The filet mignon is an excellent choice. It has a subtle, salty seasoning, and the outer char is crispy and smoky, a great reminder of the wood-fire grill on which it is cooked.

     For a non-beef option, the bone-in pork chop is another good choice. It’s a White Marble Farms double-cut chop with brandy-roasted apples. This pork chop is massive, the flavor is smoky, and the meat is incredibly juicy. The chef recommends it cooked to medium, which is perfect for such a large piece of meat, allowing it to maintain its juiciness. The apples and brandy sauce create a flavor balance that is warmly sweet and almost familiar. It offered a throwback to the traditional pork-chops-and-applesauce dish on which I was raised.

    AAA Four-Diamond Awards are based on a minimum of three courses per meal, which means dessert is essential to getting the full Four-Diamond experience at Salacia. Chef Kelly has developed a selection of desserts that create a perfect finishing touch to the menu. With flavors ranging from tart to nutty to simply sweet, the dessert options cover all the bases.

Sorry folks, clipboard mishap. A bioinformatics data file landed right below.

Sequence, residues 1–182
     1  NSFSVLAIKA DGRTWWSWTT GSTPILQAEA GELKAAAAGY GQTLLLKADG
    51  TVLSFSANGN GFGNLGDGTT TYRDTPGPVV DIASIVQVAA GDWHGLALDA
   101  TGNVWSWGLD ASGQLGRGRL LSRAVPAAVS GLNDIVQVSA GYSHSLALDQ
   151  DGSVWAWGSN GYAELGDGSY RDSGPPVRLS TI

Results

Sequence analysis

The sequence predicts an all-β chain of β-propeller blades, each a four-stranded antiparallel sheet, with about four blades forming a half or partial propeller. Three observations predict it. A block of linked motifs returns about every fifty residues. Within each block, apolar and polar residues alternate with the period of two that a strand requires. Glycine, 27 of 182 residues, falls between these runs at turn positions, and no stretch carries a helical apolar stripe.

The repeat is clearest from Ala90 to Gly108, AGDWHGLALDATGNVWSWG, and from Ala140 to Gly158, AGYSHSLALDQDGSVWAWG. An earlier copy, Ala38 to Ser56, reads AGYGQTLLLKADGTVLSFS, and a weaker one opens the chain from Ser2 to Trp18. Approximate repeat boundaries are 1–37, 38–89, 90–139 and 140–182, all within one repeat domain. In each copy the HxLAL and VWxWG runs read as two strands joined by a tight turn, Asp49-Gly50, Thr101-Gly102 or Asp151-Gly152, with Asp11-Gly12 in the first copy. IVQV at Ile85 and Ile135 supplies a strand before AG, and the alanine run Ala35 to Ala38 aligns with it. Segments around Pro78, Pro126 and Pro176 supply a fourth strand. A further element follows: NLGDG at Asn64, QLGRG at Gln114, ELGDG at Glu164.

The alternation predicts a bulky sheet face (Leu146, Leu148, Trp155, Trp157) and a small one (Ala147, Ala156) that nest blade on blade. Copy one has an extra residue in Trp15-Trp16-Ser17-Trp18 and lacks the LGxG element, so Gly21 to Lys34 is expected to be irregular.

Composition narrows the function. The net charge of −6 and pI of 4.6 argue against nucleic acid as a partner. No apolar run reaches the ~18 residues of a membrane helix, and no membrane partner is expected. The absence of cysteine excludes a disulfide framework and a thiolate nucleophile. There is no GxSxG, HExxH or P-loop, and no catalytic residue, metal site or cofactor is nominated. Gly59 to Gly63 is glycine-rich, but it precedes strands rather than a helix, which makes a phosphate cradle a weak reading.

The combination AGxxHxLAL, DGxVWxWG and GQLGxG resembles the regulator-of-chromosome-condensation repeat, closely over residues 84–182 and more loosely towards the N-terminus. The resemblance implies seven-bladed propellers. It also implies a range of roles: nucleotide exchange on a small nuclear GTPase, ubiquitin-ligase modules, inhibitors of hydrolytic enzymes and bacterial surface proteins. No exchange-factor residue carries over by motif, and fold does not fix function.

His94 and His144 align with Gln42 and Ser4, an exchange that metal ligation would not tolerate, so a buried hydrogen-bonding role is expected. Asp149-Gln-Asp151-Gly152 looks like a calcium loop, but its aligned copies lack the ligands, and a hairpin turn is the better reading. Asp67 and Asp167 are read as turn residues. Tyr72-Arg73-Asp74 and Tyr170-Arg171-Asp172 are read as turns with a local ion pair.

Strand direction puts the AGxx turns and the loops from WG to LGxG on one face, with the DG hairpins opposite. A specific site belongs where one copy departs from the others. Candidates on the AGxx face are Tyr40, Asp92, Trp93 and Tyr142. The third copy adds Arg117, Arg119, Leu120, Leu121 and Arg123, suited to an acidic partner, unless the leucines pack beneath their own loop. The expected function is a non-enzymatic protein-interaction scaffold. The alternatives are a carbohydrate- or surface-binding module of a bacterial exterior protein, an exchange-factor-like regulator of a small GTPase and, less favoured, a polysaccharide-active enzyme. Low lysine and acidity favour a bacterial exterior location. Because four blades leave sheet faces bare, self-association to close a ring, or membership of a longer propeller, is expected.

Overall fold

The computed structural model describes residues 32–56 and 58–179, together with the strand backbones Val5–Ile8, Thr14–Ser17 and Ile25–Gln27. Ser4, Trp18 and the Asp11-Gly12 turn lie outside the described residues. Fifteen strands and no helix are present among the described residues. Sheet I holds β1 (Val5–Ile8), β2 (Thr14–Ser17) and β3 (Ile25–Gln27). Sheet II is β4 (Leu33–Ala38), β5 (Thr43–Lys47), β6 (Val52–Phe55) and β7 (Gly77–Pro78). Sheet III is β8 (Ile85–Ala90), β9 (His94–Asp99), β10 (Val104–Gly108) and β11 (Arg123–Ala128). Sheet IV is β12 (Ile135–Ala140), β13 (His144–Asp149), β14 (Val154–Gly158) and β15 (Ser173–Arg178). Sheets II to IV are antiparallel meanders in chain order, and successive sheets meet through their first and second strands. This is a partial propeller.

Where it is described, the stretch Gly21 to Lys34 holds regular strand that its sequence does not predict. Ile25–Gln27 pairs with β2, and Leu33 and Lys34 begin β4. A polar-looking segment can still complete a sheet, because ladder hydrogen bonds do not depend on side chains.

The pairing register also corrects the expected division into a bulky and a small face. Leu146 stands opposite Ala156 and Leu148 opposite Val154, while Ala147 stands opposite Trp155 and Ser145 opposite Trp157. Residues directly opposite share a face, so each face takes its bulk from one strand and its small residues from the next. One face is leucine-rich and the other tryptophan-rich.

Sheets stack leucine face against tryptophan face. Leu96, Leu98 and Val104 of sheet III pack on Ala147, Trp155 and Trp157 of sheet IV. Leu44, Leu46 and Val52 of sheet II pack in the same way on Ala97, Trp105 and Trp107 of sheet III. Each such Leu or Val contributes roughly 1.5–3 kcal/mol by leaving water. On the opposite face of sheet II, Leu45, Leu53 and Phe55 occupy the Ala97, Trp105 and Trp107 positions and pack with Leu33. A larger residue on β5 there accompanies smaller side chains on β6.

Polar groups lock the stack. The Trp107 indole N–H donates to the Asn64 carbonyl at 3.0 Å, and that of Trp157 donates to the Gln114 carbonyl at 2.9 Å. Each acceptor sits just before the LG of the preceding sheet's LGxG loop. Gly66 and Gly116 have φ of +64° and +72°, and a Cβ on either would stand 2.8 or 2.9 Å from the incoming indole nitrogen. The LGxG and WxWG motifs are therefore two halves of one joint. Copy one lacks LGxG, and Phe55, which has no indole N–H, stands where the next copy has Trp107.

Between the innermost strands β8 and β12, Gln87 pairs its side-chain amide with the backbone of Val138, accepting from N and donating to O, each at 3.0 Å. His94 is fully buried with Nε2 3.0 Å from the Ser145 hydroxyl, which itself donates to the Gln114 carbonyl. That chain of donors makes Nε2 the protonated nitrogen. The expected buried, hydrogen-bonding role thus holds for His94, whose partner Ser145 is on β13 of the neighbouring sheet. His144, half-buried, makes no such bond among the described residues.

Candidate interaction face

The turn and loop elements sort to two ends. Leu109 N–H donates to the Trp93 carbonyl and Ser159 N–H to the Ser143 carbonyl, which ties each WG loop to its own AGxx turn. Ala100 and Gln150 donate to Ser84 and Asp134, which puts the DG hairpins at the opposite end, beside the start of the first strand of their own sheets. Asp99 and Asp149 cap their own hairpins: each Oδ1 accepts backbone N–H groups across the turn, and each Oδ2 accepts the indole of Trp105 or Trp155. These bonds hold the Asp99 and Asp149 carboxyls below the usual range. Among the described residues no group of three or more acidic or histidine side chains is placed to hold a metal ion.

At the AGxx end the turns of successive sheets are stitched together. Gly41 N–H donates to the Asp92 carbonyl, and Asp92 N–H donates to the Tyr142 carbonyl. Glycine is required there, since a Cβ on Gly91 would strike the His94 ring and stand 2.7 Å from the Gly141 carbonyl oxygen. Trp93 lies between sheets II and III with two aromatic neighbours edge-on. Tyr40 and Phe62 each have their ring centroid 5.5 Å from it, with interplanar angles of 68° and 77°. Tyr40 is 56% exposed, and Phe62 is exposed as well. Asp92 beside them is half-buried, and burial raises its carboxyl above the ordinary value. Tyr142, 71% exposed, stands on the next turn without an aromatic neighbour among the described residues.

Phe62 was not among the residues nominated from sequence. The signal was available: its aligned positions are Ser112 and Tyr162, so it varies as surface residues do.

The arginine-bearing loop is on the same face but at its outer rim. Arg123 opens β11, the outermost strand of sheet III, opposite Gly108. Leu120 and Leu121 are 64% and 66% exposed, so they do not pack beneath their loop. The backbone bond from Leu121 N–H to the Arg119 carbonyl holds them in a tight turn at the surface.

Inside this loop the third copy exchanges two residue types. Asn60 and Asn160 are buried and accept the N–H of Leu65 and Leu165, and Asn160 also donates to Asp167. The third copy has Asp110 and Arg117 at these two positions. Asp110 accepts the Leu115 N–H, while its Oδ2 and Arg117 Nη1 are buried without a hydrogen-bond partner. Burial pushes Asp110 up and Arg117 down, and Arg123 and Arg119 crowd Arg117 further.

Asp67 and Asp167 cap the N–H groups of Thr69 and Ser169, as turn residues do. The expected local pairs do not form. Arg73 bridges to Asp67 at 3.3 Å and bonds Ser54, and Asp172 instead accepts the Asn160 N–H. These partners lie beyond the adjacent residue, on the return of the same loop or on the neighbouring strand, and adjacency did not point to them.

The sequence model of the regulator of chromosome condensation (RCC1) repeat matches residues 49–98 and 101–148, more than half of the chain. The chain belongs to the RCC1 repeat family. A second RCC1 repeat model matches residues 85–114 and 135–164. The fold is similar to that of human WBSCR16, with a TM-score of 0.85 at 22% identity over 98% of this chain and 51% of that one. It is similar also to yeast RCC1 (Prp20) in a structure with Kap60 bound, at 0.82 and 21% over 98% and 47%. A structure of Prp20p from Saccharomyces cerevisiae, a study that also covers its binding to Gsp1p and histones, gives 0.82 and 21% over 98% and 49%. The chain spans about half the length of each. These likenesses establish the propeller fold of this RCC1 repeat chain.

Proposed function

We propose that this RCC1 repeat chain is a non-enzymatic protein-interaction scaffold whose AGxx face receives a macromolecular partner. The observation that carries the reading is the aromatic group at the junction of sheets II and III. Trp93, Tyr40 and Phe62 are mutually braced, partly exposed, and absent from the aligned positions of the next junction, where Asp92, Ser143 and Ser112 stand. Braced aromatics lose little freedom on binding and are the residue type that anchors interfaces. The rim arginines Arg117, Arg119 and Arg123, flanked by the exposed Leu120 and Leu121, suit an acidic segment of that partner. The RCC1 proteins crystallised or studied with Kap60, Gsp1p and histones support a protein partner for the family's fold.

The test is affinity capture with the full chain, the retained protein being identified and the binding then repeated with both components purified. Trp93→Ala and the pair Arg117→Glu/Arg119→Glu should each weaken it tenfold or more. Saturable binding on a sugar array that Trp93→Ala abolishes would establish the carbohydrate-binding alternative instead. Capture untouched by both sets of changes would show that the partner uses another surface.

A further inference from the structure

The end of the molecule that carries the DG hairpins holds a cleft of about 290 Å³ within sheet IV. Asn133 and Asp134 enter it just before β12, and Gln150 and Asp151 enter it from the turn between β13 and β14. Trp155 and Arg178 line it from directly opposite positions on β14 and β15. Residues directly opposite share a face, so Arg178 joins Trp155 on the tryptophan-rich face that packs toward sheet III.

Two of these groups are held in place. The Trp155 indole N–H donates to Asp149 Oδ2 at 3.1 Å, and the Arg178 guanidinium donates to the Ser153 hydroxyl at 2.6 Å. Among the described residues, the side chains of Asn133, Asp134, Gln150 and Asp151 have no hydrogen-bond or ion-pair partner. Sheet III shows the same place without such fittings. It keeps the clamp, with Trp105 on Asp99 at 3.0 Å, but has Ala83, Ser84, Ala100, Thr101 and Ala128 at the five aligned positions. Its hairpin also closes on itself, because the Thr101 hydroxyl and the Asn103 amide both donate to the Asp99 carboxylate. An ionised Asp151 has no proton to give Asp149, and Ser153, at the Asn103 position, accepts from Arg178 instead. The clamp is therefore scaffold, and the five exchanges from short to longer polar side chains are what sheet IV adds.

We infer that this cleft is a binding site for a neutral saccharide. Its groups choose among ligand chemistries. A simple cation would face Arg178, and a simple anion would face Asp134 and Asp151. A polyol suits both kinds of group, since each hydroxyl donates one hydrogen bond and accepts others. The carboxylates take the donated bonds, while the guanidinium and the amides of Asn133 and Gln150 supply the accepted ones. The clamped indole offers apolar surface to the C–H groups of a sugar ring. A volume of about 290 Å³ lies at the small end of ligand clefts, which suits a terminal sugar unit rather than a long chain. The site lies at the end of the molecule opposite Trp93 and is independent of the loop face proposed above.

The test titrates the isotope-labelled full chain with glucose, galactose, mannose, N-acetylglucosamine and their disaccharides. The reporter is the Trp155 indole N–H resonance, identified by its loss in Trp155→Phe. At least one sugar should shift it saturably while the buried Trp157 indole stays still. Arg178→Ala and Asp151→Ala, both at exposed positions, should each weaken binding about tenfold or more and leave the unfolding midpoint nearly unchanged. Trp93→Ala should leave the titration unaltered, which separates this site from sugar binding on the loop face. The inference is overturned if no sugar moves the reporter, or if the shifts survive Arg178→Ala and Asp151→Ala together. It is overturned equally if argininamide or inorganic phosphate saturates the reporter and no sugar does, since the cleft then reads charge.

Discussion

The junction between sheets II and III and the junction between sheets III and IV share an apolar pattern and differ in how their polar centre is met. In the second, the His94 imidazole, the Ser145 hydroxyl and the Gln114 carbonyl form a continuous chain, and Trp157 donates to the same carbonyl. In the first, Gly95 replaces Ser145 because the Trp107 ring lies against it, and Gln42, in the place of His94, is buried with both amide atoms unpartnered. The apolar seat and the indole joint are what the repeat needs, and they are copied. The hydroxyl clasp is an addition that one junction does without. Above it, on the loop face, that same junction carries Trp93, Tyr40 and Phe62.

For diners who seek the heavy decadence of chocolate, Salacia offers a Cherry and Chocolate Ganache that is outstanding. Served with red-wine-braised cherries and pistachio ice cream, the ganache is soft and sweet. The first bite is like covering up in a warm chocolate blanket on a chocolate couch in front of a chocolate fireplace. The heavy flavors are dark and rich, and the ice cream and cherries provide lightness for this otherwise intense dish.

     In addition to a trip to chocolate paradise, Salacia offers a Crème Brûlée Taster, featuring a vanilla and a chocolate. The chocolate is a revelation, with the familiarity of a Fudgsicle and the glamour of the caramelized sugar topping.